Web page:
Here is a current list of things that, once seen, must become a part of my pile (and this is just the 'work' related stuff.):

Wool and fibers - any and all - I will find a way to use it

Wool Sweaters and Tweeds - sorry Goodwill shoppers, but I have taken it all

Birds' nests - little miracles of construction

Feathers - also little miracles and useful in my animal sculptures

Random pieces of nature - interesting stones, sticks, stumps, gourds, roots, fungi, lichen, moss

Wooden Crates and Baskets - pretty AND useful!  I mean, you need something to hold all the stuff!

Miniatures and Props - if I come across something that one of my sculptures, present or future, can hold, sit on, consume, play, cook with, wear, look at, sit next to, be surrounded by, and/or climb, it comes to live on my shelf with the other props waiting to become a part of some genius creative vision

We have not even tackled the subject of whether or not you are an organized (anal retentive or OCD) hoarder or, more like me, a content-to-throw-it-in-the-most-convenient-place hoarder.  Let's save that discussion for next time.

Remember, you can't implement it, if you don't have it! ; )

(BTW - the only reason my hoard looks as beautifully organized as it is, is because I now have Kyla, a.k.a. Everything in Its Place, helping at Sarafina.) 


Friday, September 6, 2013

The Truth About Needle Felting

I have a pet peeve.  It bugs me when artists describe their work as "painstaking" and then proceed to elaborate on the amount of time, or stabs, or difficulty that is involved in their work.

Do they want us to feel sorry for them?  Are they trying to justify an out of kilter price tag?  Or do they really truly feel burdened by their creativity?  Maybe it's the first and/or second reason but I can't believe it could be the third.

Needle felting is fun.  No matter how many stabs it takes, every single poke is a split second of affirmation and achievement.  Further more, aside from the mis-stab that hurts your finger, even the bad stabs can be easily fixed. 

The process of stabbing the wool is rewarding but we have the additional enjoyment of our fibers.  (Imagine me here tossing lovely locks in the air with abandon and running through a field of bunny angora.)  At the risk of sounding like a looney, I am convinced that working with natural fibers is healing.  I even keep locks in my car to settle me when I feel my anxieties creeping in.

And, if you can believe it, there's more!  When you have finished your project, you have something to enjoy, or sell, or give as a gift.  It's all good.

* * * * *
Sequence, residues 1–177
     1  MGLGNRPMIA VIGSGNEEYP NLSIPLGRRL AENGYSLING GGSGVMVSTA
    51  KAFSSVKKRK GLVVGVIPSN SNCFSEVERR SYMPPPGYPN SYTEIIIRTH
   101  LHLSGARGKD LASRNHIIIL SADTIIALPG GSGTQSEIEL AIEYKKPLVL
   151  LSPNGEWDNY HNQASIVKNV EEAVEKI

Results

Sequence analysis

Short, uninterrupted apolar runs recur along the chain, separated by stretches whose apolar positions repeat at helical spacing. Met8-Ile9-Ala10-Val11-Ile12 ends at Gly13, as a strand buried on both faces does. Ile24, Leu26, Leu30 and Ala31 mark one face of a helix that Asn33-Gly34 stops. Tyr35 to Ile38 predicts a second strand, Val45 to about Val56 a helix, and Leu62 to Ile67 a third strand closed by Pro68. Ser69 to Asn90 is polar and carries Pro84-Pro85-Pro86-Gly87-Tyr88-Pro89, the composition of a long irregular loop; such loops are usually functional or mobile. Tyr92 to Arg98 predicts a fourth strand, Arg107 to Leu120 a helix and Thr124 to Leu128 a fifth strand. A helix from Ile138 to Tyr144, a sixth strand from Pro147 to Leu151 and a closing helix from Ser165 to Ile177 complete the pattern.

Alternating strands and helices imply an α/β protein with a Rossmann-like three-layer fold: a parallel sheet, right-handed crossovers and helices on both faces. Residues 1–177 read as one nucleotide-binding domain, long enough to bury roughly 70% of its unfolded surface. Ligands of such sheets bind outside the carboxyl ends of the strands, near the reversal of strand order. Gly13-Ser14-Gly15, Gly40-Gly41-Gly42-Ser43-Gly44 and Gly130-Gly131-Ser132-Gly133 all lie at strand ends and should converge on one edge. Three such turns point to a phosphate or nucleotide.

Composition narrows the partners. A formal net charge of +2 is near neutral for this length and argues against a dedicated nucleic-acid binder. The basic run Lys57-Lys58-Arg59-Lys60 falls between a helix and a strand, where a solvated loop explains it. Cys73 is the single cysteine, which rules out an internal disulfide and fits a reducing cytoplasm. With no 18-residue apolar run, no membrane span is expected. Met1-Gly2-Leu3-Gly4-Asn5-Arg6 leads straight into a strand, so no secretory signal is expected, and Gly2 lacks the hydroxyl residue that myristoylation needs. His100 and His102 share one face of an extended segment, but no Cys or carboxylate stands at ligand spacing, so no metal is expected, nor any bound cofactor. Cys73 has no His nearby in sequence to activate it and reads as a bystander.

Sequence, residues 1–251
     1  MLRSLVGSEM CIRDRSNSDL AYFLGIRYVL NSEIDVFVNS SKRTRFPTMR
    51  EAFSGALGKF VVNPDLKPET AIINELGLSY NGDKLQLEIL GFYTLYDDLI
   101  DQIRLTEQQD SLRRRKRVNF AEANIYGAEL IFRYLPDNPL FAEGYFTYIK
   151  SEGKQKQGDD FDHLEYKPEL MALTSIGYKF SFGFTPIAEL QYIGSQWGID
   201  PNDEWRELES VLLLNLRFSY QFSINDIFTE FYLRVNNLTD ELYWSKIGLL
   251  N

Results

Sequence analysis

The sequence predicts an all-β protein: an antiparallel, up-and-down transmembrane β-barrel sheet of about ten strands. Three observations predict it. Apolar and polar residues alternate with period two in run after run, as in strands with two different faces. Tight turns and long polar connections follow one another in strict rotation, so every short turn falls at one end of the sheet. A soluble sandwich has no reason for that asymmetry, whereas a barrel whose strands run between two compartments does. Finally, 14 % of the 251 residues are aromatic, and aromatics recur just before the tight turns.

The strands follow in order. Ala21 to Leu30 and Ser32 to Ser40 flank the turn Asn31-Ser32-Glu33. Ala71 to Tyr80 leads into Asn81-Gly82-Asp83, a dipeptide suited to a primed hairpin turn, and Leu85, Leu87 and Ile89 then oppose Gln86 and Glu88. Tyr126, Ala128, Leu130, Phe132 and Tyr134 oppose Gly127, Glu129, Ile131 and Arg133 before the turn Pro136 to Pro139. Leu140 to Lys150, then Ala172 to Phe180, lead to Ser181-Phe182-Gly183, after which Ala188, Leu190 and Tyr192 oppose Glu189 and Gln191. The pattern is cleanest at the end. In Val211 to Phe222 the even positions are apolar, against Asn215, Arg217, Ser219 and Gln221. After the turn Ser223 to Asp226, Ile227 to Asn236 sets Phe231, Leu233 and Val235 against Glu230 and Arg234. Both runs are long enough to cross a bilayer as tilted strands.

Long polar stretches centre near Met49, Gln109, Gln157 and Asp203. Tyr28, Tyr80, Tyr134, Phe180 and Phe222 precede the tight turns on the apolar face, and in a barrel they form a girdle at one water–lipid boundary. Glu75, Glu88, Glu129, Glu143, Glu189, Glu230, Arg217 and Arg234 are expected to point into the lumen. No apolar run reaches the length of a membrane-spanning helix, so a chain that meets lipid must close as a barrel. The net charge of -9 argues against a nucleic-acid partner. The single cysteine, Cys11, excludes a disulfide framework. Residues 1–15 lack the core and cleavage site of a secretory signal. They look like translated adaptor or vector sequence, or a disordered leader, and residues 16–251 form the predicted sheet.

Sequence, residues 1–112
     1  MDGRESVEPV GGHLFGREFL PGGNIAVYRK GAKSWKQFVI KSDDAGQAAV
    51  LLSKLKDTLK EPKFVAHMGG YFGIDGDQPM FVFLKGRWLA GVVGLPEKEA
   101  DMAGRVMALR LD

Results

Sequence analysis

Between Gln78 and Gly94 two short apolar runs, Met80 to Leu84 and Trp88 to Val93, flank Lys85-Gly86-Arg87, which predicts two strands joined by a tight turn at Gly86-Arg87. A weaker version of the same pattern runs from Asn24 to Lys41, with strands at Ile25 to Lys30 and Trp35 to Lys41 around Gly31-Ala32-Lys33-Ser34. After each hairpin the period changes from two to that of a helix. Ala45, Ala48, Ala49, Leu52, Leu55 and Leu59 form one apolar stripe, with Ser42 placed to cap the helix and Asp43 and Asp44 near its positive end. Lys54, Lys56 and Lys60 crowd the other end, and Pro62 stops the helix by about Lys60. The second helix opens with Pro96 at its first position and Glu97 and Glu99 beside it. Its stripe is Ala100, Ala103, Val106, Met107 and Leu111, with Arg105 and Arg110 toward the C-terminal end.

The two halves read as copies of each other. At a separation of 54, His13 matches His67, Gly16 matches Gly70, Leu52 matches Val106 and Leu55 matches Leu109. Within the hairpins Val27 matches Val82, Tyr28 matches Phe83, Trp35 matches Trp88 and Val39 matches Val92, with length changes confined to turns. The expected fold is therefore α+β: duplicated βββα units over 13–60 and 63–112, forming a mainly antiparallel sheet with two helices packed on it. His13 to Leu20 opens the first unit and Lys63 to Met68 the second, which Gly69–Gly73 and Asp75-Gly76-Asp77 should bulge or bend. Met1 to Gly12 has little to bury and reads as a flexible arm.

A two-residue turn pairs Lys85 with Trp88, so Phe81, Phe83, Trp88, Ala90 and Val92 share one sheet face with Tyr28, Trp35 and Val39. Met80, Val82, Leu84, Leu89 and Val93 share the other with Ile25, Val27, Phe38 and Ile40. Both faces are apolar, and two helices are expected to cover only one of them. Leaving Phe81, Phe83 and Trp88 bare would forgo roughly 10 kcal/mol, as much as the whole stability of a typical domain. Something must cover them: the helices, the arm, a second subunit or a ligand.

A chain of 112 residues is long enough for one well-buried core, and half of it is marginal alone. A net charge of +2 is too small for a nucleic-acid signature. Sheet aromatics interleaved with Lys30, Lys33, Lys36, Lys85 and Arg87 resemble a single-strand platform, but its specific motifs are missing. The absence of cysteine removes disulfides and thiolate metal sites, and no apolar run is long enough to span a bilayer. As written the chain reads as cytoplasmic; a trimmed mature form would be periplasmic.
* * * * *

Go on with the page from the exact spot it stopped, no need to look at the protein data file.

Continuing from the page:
No wonder the craft is spreading like wild fire.  It's affordable, easy to get started, and instantly rewarding.  And I believe those who are trying it are falling in love and will 'stick' with it - so to speak. 

So quit your whining felting artists!  I know the truth about needle felting and the rest of the world (or at least the 10 people who follow my blog) will now know too!

Happy felting.

Thursday, September 5, 2013

Growth and Gorillas

My sister (I forget which one) once said, "Blogs are like diets... you announce your blog to the world with the best intentions and then directly fall off the wagon."  I  wish a could maintain my blog more regularly because I really do enjoy both writing and sharing.

So in the spirit of jumping back on the blog wagon here I am.

I would like to introduce you to Kyla DeStefano.  We met at the end of the school year when my son, Max, attended her son, Andrew's, birthday party.  He came home with a dvd video of skits that they had performed that day.  I thought, "Who is this woman that can have 8 kids in her house, provide all expected birthday traditions, shoot a video, and then edit and prepare dvds for them to take home in 2 hours!?" She was the answer to my prayers, Kyla, mother of two boys, self taught videographer and self proclaimed anal retentive.  She can now add "entrepreneur" to her resume as she is helping build Sarafina Fiber Art.  Kyla is the yin to my yang.  Where I am mostly circular thought and ideas she thrives with columns and action.
Kyla and Finley

With Kyla's help Sarafina has a new energy and potential for growth.  We are working really hard to bring the best felting supplies to you as well as needle felted sculptures.

Today, while I fussed over finishing my gorilla and giving him a proper photoshoot, Kyla whipped around the workspace cleaning, stacking, organizing, sorting, and planning.  I cannot tell you how amazing it feels to have a second heart and mind invested in Sarafina.

Which brings me to my gorilla. 

 People often ask me, "Is it hard to let go and sell your things."  I usually say no.  But this guy has been my companion all summer as it has taken me that long to make him. And he has a way of looking at me as if he wants to be animated and included.  It will be hard to let him go no matter how flattered I am that someone might want to buy him.

Well, I hope this is the beginning of renewed attention to my blog.... at least for a little while.